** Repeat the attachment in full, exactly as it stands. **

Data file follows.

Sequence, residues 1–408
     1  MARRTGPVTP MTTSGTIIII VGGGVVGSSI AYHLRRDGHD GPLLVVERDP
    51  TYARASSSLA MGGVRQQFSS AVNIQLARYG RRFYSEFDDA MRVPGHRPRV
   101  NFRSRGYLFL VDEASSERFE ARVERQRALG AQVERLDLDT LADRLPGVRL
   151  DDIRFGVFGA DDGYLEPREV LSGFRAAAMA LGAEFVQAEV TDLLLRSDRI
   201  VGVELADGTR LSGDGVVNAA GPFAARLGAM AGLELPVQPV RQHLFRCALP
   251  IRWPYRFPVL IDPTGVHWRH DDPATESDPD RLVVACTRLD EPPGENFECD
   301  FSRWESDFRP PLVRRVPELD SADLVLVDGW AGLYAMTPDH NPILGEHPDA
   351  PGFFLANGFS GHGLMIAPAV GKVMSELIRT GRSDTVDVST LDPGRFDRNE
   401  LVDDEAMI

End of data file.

Sequence, residues 1–408
     1  MARRTGPVTP MTTSGTIIII VGGGVVGSSI AYHLRRDGHD GPLLVVERDP
    51  TYARASSSLA MGGVRQQFSS AVNIQLARYG RRFYSEFDDA MRVPGHRPRV
   101  NFRSRGYLFL VDEASSERFE ARVERQRALG AQVERLDLDT LADRLPGVRL
   151  DDIRFGVFGA DDGYLEPREV LSGFRAAAMA LGAEFVQAEV TDLLLRSDRI
   201  VGVELADGTR LSGDGVVNAA GPFAARLGAM AGLELPVQPV RQHLFRCALP
   251  IRWPYRFPVL IDPTGVHWRH DDPATESDPD RLVVACTRLD EPPGENFECD
   301  FSRWESDFRP PLVRRVPELD SADLVLVDGW AGLYAMTPDH NPILGEHPDA
   351  PGFFLANGFS GHGLMIAPAV GKVMSELIRT GRSDTVDVST LDPGRFDRNE
   401  LVDDEAMI